Friday, November 11, 2011

Overwriting

I was once hired to consult on a screenplay that was over 200 pages long. The writer was desperate to reduce the length, but said he couldn’t figure out where to cut. When I got the screenplay, the scenes looked something like this:


INT. OFFICE – DAY

A desk sits at the west end of a small office. The floor is carpeted in blue shag that’s seen some wear and tear. Two floor lamps provide illumination. There are paintings of ocean landscapes on the wall and two guest chairs in front of the desk.

JOE sits in a leather chair behind the desk. He’s about thirty, tall, lean with brown hair carefully parted. He wears a blue suit with a red and blue striped tie, brown shoes and an expensive gold watch. He looks at a piece of paper, signs it with an expensive fountain pen, then places the paper in the out-box. He takes a sip from an enormous coffee cup. He picks up another piece of paper. Studies it, his brow wrinkling.

There is a KNOCK at the door. Joe puts the paper back in the in-box and slips the pen into his shirt pocket. He stands up and smoothes his clothes. He walks across the room and takes the door handle. He pulls the door open.

SALLY, a pretty young woman in a red dress, her hair pulled back in a ponytail, is standing behind the door. She smiles broadly at Joe. He frowns. Sally looks down. Joe sighs and stands aside. Sally enters. Joe walks back to the chair behind the desk. He gestures at the guest chair, then sits down. Sally walks to the guest chair and sits down while Joe finishes off his coffee.


I’m really not exaggerating. The solution was easy – the story was the right length, the writer had simply described everything in too much minute detail. This is called “overwriting.”

I know why it happens. When you’re writing a scene, you’re probably picturing it in your mind. And you write down what you’re picturing. But we don’t need every single detail. The reader will fill in the blanks. Plus, when you actually get into production, chances are a lot of these details will change anyway.

Though it might seem harmless, there are several good reasons to avoid overwriting. The most obvious is that you slow down the pace of the script. If you’re trying to sell it as a spec, get an agent, convince a studio to greenlight the movie, or lure a star to play the lead, you don’t want to bore the reader.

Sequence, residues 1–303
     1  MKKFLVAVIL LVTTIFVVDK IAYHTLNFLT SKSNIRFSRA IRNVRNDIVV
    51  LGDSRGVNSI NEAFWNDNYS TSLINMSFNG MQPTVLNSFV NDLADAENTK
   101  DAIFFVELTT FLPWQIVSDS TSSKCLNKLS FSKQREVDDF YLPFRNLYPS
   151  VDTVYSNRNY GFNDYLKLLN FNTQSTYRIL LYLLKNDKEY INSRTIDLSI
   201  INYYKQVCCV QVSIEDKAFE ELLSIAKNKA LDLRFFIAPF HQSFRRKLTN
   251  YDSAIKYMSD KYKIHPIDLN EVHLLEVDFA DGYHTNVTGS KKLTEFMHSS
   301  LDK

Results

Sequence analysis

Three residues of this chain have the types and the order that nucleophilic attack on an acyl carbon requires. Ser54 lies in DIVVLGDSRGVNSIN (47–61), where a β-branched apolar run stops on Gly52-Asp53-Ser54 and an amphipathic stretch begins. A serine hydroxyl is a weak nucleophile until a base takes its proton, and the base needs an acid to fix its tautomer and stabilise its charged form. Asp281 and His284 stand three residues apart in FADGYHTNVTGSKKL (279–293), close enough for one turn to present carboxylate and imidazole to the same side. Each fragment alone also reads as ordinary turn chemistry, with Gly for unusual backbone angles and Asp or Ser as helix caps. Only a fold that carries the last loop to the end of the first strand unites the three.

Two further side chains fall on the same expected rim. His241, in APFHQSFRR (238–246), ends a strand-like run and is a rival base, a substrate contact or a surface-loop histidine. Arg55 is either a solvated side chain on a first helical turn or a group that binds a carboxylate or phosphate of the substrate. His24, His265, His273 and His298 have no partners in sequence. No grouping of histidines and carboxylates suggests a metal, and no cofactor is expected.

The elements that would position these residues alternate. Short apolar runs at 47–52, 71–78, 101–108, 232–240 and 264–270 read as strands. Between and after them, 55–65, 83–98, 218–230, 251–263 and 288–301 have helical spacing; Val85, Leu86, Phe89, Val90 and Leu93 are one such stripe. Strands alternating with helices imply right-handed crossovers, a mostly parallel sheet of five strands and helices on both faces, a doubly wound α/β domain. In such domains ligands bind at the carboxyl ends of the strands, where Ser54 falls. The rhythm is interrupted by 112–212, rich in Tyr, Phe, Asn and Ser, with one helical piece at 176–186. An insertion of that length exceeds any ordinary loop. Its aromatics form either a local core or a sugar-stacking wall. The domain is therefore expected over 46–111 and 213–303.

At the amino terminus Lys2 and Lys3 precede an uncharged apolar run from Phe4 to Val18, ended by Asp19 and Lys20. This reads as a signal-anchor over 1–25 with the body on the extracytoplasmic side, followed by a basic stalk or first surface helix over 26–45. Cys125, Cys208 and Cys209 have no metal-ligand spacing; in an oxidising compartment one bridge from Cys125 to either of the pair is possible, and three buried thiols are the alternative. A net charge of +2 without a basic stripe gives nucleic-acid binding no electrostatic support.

Industry readers have a habit of skimming or skipping the description and only reading the dialogue. If your description seems generally long and pointless, you’re encouraging that practice. If you put important stuff in your description, which you probably will if you’re a good writer, this is bad. If you want people to read carefully, demonstrate that everything you write is relevant and important.

There’s also the matter of timing the final film. The industry rule of thumb is that one script page equals one minute of screen time. This is only approximate – action will take longer on screen than it does on the page and dialogue will move faster – but over the course of a movie it’s a pretty reliable measure. Unless you overwrite.

Perhaps a more important problem for the writer is burying important information. Without looking back at the scene description above, do you remember where the fountain pen is? Probably not. If the reader needs to remember that for something to make sense later in the scene, they will likely be confused.

The trick to writing description is to give just enough carefully chosen, specific detail to make the scene come alive. And if there’s something you want to emphasize, make sure you hit it hard. Let’s revisit the previous scene and see how we might do it better, emphasizing the final location of the fountain pen.


INT. OFFICE – DAY

JOE, thirty, tall and lean and dressed in an expensive suit, sits at a desk going over some papers. He signs one with an expensive fountain pen. There is a KNOCK at the door.

Joe puts the fountain pen down on the desk, but then reconsiders and slips it in his shirt pocket.

He answers the door. SALLY, a pretty young woman, smiles broadly at him. Joe frowns, and Sally’s smile fades. He leads her over to the desk.


I dropped it from 246 to 82 words without losing significant content. Not exactly scintillating, perhaps, but it is simple and clear and you’ll probably remember that Joe stuck that pen in his shirt pocket.

Overwriting is not bad on a first draft. In fact, it may be best to allow yourself to get down everything in your head at that stage of the game. But when you rewrite, you need to tighten up your description and make sure the important facts are highlighted.

4 comments:

... said...

So true. Thank you. In regards to multiple character action/descriptions in a scene... Space 'em or lump 'em together?

Ex:

Jack goes up a hill with an empty pail.

Jill follows, crossing her fingers.

or

Jack goes up a hill with an empty pail. Jill follows, crossing her fingers.

... said...

Thank you, so much, for this blog. Your insight has helped me, immensely. I toggle between a handful of sites. Your topics are timely, and your writings are consistent; concise, resolute, and sage. Your efforts are appreciated.

Karl

Scott said...

Douglas, I don't know why it took me so long to find your blog, but one of your faithful readers emailed me about it. I have added your site to my blogroll. I'm sure I speak for much of the online screenwriting community in thanking you for adding to the dialogue about the craft.

Scott Myers
Go Into The Story

Mil Peliculas said...

WOW. Did you suggest that this person try writing a novel? Tee-hee.